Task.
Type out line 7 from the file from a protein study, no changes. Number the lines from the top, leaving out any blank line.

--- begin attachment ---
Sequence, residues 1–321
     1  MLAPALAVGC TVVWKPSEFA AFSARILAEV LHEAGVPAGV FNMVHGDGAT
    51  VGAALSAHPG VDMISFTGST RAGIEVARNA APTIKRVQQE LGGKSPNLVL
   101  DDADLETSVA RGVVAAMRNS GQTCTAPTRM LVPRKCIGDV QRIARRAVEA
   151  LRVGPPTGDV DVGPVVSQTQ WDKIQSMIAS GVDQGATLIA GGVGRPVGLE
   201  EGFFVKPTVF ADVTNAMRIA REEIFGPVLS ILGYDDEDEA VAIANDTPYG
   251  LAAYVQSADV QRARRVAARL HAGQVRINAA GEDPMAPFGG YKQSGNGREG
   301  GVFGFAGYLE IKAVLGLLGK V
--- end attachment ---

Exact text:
   251  LAAYVQSADV QRARRVAARL HAGQVRINAA GEDPMAPFGG YKQSGNGREG